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On 23 August 2020, the Jewish Museum Berlin is opening its new core exhibition. Until then the museum will be closed for renovations.

Architecture

Our Buildings: Daniel Libeskind and the Baroque Era (6)

Daniel Libeskind and the Baroque Era

The architecture of the Jewish Museum Berlin bears the distinctive fingerprints of Daniel Libeskind. The American architect designed the main museum building, but also the W. Michael Blumenthal Academy and the Glass Courtyard. The building compound also includes a baroque palace and a garden from the 1980s that is a protected landmark.

The Libeskind Building

With his “Between the Lines” design, American architect Daniel Libeskind did not want simply to design a museum building, but to recount German-Jewish history.

The Old Building

The former Collegienhaus is the last extant baroque palace in the historic Friedrichstadt neighborhood. The erstwhile Seat of the Royal Court of Justice is now the museum’s entrance with exhibition spaces on the upper level.

The W. Michael Blumenthal Academy

A former wholesale flower market was refurbished based on Libeskind’s In-Between Spaces design. With three cubes, the visual language echoes the architecture of the rest of the museum.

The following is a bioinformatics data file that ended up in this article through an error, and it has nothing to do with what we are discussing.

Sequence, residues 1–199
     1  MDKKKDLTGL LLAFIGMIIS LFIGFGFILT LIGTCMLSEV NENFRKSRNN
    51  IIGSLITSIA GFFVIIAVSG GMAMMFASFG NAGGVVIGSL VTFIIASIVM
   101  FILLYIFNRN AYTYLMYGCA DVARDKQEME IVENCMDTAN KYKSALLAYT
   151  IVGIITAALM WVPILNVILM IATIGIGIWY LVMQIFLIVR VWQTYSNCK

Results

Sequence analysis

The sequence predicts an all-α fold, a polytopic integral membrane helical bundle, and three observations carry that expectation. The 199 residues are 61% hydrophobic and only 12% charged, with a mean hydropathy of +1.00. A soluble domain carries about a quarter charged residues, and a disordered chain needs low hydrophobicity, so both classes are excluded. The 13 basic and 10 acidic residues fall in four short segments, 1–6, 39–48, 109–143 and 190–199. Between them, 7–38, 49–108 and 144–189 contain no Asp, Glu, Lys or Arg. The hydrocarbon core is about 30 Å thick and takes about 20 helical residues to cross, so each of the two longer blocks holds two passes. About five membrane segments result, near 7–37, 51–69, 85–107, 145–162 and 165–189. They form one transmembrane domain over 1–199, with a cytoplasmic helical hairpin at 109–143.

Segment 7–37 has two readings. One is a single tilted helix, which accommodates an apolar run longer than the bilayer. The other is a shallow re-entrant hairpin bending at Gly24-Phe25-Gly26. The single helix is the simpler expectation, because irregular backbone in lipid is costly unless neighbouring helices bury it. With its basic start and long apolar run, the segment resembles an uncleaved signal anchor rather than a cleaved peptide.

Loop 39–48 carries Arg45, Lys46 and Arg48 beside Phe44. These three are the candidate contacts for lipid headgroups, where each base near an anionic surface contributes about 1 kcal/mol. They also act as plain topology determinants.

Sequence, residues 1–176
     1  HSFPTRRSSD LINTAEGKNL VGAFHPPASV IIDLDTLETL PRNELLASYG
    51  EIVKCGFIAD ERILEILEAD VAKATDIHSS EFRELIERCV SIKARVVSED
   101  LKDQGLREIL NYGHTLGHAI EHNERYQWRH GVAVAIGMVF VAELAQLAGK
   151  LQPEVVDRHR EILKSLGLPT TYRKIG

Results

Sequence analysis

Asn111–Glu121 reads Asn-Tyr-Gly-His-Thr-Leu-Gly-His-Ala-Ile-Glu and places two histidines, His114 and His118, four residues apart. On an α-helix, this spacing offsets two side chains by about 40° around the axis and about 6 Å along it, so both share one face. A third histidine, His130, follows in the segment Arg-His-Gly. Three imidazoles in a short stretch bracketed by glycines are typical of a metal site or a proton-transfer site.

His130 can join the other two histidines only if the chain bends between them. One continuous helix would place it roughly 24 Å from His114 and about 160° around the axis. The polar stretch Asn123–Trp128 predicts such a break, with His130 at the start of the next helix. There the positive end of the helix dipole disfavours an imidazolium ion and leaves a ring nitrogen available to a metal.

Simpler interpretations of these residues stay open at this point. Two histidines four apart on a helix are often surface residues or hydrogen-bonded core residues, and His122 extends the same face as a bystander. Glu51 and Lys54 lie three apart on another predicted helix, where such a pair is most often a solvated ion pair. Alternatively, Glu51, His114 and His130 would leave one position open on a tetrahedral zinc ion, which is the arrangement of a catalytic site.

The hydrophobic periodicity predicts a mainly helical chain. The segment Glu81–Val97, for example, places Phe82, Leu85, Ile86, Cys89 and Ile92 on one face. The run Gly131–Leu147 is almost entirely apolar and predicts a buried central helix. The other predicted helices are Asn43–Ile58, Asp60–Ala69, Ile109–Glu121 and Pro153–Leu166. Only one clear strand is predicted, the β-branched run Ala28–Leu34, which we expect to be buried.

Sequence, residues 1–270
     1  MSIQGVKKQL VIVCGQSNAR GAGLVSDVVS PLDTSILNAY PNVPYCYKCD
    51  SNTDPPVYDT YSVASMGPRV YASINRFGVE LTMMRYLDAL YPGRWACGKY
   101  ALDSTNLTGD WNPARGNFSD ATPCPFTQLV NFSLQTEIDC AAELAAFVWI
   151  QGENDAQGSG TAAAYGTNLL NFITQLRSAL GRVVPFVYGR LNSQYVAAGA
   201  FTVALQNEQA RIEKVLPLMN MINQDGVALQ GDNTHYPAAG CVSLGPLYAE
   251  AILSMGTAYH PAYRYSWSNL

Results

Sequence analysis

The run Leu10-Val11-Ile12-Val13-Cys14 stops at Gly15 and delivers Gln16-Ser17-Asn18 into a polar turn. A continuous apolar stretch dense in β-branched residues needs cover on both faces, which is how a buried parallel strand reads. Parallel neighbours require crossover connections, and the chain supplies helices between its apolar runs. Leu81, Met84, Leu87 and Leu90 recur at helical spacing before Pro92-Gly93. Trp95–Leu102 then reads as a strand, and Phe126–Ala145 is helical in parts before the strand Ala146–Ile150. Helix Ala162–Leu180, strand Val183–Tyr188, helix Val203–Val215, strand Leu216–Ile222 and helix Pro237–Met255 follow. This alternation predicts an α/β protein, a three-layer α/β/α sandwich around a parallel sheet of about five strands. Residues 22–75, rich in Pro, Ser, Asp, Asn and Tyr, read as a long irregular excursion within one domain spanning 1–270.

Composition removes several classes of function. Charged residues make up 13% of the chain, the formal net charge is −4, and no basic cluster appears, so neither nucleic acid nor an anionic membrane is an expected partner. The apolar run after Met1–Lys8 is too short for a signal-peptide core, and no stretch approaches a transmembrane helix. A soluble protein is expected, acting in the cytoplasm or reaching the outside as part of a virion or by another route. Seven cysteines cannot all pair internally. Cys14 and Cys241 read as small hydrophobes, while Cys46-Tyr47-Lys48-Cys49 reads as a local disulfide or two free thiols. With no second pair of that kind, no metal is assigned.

The Glass Courtyard

The Glass Courtyard was designed by Daniel Libeskind, who drew inspiration from a sukkah (Hebrew for thatched hit). With a glass and steel structure, it covers the inner courtyard of the baroque Old Building.

The Diaspora Garden

The Diaspora Garden is located in the W. Michael Blumenthal Academy’s inner courtyard. Four “plateaus” that seem to be floating midair are planted with species related to Jewish life or with their own history of dispersion.

Our Museum Gardens

Behind the Old Building and around the Libeskind Building, two garden areas round out our grounds and allow our visitors to take a reflective break before and after their time in the museum.